A sugar-enzyme link to tumour growth suppression

A chain of sugar molecules attached to proteins may hold the key to fighting cancer. These sugar-protein chains, regulated by an enzyme called beta1,4-galactosyltransferase-3 (B4GALT3), have surfaced as crucial players in various cancers, particularly impacting survival rates in immunotherapy-sensitive cancers like neuroblastoma, cervical, and bladder cancer. Yet, the specific role of B4GALT3 within the tumour immune microenvironment (TIME) remained enigmatic.

In a recent study, researchers have unravelled the mystery behind B4GALT3’s role within the TIME. They discovered that a deficiency of B4GALT3 in mice’s TIME leads to the inhibition of tumour growth. This study underscores the significance of glycosylation, a form of protein modification, on the surfaces of T cells. It has revealed that when glycosylation is significantly reduced, it paves the way for increased infiltration of CD8+ immune cells into tumours. In the case of B4GALT3 knockout (KO) mice, these findings offer a new avenue for manipulating T cell surface glycosylation, presenting a promising approach to cancer immunotherapy.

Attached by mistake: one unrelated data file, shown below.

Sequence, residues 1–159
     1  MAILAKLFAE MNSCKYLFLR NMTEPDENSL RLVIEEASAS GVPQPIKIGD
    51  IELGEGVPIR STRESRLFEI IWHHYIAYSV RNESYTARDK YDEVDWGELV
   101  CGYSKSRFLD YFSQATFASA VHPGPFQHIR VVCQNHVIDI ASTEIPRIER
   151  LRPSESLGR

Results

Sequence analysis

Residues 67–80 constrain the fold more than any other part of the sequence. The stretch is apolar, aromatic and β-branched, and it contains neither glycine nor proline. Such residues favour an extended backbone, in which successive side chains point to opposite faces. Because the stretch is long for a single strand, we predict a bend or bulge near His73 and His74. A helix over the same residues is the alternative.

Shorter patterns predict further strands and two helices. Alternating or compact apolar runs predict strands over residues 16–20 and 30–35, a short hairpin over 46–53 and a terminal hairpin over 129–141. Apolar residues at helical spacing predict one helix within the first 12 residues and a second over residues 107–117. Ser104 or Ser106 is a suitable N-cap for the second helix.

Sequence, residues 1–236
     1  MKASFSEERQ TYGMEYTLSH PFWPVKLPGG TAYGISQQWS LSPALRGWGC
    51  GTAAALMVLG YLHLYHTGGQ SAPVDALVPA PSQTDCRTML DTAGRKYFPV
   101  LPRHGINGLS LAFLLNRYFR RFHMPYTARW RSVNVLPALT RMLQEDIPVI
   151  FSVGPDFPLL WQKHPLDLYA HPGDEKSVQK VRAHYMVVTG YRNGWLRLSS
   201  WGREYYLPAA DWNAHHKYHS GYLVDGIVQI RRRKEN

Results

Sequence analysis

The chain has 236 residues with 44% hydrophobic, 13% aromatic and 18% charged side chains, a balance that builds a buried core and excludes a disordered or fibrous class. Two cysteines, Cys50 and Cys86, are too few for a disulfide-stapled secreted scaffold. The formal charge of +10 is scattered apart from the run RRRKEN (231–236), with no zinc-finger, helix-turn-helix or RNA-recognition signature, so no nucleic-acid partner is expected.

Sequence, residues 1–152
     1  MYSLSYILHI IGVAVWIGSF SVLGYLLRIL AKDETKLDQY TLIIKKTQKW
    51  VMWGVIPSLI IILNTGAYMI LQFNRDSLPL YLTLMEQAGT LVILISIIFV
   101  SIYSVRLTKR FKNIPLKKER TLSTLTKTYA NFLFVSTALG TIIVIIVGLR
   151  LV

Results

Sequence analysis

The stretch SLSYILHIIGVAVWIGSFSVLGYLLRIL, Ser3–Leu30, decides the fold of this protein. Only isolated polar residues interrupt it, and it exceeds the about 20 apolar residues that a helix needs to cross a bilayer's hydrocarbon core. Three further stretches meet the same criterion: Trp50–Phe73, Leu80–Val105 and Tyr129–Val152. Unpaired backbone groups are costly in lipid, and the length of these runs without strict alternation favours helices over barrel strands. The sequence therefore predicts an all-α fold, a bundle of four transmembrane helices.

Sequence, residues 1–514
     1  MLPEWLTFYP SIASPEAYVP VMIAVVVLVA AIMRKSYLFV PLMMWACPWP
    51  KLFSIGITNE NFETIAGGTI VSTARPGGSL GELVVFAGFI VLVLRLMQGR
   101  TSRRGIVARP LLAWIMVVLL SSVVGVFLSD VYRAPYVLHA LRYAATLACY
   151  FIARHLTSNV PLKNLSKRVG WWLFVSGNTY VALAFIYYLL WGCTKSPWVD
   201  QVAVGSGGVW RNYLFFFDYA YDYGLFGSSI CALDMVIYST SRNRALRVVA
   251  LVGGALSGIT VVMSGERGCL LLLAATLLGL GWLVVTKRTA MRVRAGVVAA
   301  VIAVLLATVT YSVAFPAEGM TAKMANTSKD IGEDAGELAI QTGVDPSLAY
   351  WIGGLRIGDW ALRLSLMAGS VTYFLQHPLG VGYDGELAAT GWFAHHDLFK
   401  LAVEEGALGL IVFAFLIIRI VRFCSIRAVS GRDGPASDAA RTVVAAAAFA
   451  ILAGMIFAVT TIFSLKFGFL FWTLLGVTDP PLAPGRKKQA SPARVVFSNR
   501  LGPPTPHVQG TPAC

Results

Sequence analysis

To understand the sugar-protein connection, the research team used a method involving the purification of membrane proteins and enzymatic cleavage to enrich glycopeptides. This allowed them to identify the sites and structures of glycans – complex, highly branched sugar chains – and quantify glycoproteins.

The study’s experimental approach involved the subcutaneous transplantation of tumour cells, both weakly and strongly immunogenic, into B4GALT3 knockout and wild-type mice to investigate tumour growth. Only the knockout mice exhibited suppressed growth of highly immunogenic tumour cells. Furthermore, the knockout mice showed elevated levels of CD8+ T cells, which secreted potent anti-cancer compounds, including Interferon-γ and Granzyme B.

These remarkable findings open new possibilities for cancer immunotherapy, emphasizing the pivotal role of B4GALT3 in the battle against cancer. It suggests that manipulating glycosylation of T cell surfaces could be the key to enhancing the immune response against tumors and holds promise for the future of cancer treatment.

Journal article: Wei, H., et al., 2023. Beta-1,4-galactosyltransferase-3 deficiency suppresses the growth of immunogenic tumors in mice. Frontiers in Immunology.

Summary by Stefan Botha